By John Masefield
I must go down to the seas again, to the lonely sea and the sky,
And all I ask is a tall ship and a star to steer her by;
And the wheel’s kick and the wind’s song and the white sail’s shaking,
And a grey mist on the sea’s face, and a grey dawn breaking,
I must go down to the seas again, for the call of the running tide
Is a wild call and a clear call that may not be denied;
And all I ask is a windy day with the white clouds flying,
And the flung spray and the blown spume, and the sea-gulls crying.
I must go down to the seas again, to the vagrant gypsy life,
To the gull’s way and the whale’s way where the wind’s like a whetted knife;
And all I ask is a merry yarn from a laughing fellow-rover,
And quiet sleep and a sweet dream when the long trick’s over.
Well it was a little bit like that, except for the tall ship. There are a few pictures in this blog, but a larger album on Picasa covers most of it and includes a little silent movie. (My aging digital camera doesn’t do sound so just imagine howling wind if you watch it.) The month started out cold and dreary. I got in a lot of work updating Road Atlases that had not seen much attention for a couple of years. We all got in a little napping and reading. I finished reading 1491-New Revelations of the Americas before Columbus, (an outstanding book that will change the way you think of where you live, who you are and the landscape around you.) We also got a little cabin fever and decided to head to the coast.
Our dog, Gretchen, always wants to jump into the car with us and then wants to jump out 5 minutes later. We decided to see if we could get her used to longer trips knowing she would love chasing balls on the ocean beach. The first two hours of constant whining on the drive almost made us want to turn back. But finally after one more stop to get out and play ball at Big Wally’s near Coulee City she settled down and we did well even in excruciatingly slow traffic between Tacoma and Olympia on Interstate 5.
We arrived at my daughter April’s house in time for a sample tasting from the caterer who will serve at her and Tony Houston’s wedding in August. It was great food and no one had to cook! The next day April and Tony headed out to Cle Elum for the latest in a string of baby showers. Cheryl and I headed for Pacific Beach on the Washington Coast, known for romping on the huge beach and flying kites. It would have been a good day for kites if we were dressed in survival suits, or something similar, to stay warm. Gretchen loved it. You can check out the video on the album.
We ate at a former Navel Base turned into a resort and returned to our room where I went back to reading a novel written by an old friend, Burt Webb, called RareEarths. It is an intense conspiracy thriller with non-stop action for 518 pages. I barely finished it before we returned home. We did a little touring up to Taholah and down to Seabrook, a “new beach community” that features a “courtyard lifestyle”. It was like driving onto the set of the Truman Show. No industry, no junk, no old buildings. Just new spiffy buildings in a neo-victorian style. I’ll bet very few people live there full-time and even fewer made a living there. But it was cute, and lively and young. We went there to see it and eat dinner that night and then the next morning for breakfast.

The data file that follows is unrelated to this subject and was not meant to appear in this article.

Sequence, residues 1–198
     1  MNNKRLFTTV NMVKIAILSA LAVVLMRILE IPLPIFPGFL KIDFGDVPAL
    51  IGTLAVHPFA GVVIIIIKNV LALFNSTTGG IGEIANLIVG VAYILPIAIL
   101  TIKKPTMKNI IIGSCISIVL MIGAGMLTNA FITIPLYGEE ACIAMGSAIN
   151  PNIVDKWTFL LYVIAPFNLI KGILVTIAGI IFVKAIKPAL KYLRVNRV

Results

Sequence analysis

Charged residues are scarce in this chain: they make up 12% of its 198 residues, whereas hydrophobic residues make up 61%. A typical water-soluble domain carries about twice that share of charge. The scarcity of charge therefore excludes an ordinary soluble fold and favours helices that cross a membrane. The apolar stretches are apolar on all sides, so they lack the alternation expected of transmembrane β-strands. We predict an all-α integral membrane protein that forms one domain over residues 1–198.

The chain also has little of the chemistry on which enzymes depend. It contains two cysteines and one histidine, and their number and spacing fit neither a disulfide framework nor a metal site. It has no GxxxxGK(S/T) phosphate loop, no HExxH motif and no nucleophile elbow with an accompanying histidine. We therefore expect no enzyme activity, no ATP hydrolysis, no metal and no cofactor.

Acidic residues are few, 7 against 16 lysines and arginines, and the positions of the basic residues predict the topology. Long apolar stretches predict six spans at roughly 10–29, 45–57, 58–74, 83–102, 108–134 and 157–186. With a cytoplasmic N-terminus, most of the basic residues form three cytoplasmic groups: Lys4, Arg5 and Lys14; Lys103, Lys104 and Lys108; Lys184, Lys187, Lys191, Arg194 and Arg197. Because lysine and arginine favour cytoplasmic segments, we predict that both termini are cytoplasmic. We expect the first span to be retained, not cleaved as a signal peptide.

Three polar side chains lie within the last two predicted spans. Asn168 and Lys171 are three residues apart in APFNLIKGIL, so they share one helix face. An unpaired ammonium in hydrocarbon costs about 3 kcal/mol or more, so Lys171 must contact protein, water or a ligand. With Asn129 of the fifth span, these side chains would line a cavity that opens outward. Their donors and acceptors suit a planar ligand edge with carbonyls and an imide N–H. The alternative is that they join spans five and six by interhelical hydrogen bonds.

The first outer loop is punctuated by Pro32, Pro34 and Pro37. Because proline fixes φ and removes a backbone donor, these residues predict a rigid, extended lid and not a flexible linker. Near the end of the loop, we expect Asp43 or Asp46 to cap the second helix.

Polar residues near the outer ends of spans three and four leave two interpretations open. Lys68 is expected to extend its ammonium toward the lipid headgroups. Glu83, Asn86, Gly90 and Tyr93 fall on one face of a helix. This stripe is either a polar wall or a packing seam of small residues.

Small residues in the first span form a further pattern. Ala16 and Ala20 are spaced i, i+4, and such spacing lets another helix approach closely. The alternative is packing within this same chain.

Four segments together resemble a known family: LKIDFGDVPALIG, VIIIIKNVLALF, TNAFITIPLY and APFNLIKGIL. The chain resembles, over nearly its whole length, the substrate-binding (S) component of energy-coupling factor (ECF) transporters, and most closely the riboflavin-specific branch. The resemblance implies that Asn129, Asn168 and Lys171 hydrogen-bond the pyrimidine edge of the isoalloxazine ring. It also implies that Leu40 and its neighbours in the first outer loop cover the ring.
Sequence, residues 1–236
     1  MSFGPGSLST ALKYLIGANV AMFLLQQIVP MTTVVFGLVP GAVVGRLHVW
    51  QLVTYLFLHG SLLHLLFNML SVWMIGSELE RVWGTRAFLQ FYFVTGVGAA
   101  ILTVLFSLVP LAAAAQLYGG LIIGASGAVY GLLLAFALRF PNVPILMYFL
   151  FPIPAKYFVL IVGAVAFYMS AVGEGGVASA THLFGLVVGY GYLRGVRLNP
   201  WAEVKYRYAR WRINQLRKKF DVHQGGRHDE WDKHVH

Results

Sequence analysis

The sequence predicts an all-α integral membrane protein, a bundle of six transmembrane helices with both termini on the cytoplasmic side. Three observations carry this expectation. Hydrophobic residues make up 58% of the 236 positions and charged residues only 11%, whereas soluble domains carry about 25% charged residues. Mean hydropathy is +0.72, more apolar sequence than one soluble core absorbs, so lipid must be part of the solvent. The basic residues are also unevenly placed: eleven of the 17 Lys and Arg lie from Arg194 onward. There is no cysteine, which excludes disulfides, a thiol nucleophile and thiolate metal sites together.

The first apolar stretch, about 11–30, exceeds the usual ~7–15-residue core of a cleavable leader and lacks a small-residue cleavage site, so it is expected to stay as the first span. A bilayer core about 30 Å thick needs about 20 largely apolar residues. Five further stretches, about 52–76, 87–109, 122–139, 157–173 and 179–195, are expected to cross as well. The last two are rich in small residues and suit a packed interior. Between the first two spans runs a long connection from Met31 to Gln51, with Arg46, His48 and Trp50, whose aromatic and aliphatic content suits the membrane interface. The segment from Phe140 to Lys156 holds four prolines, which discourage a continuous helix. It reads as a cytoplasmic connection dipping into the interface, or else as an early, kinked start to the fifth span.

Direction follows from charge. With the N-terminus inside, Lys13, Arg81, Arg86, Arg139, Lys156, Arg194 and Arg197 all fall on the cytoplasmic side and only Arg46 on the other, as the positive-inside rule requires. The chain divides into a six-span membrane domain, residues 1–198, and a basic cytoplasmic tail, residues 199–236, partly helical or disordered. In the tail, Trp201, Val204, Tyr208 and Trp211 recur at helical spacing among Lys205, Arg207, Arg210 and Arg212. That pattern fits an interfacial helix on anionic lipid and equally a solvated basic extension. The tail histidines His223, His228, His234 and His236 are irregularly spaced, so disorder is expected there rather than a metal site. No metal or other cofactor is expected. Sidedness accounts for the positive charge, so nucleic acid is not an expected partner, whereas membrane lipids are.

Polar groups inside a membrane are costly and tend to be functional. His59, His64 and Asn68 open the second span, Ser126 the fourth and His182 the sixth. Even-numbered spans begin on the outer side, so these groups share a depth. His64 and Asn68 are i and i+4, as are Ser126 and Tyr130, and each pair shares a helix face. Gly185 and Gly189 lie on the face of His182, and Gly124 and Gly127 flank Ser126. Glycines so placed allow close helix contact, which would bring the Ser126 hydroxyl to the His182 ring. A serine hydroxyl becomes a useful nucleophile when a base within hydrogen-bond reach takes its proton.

On the way back, we had dinner with my sister Jeannette and her husband Bill Yake. Jeannette gave me a box of over 100 letters to store here written by my father to my mother while he was stationed in India and the South Pacific during WWII. She had also scanned them into a PDF format and I am cataloging them as part of a biography project on my father, Joseph A Barreca Sr. and our family. She also scanned a letter from my mother’s sister Naomi, who died before I was born. From this one letter you can tell, she was quite a character and would have been fun to know. The war letters contrast with the diary entries 63 years later that I just finished transcribing written by Dad as Mom’s health was slipping away. At the same time I am posting 100 oral histories transcribed by the Stevens County Historical Society from local people in the 1960’s and reading The Greatest Generation Speaks by Tom Brokaw. It’s hard to imagine in this age of bitter polarity in politics and religion the unified effort that everyone in the United States shared in to overcome the horrid dictatorships of the Axis Powers.
We returned home to our lonely cat, Gray-C and also discovered a deer in the garden, digging through the snow for quince, which I will gladly leave outside the fence for the deer next winter. Gray-C’s contribution to the month were two live mice, one live shrew and a dead gopher that she brought onto the bed at night. The shrew and one mouse got away but was caught in a regular mouse trap and returned to the bedroom still in the trap by our thoughtful cat so I could throw it out the door.
As you can see in the last picture in the album, the snow is melting rapidly. Nights are above freezing, the Oscars are over and we have seen Argo, Silver Lining Play Book and Zero Dark 30 in the past few weeks. Spring cleaning has started and may never end. Our favorite restaurant, Lovitt, placed third in a vote for the best burger in Stevens County. McDonald’s placed last! Most things are okay except that two Colville Middle School students brought a gun to school and Saundra’s, a prominent furniture store in the middle of Colville, burned under suspicious circumstances.
Like the corners of my mind
Misty water-colored memories
Of the way we were
Of the smiles we left behind
Smiles we gave to one another
For the way we were…
(The Way We Were – Sung Streisand at the Oscars)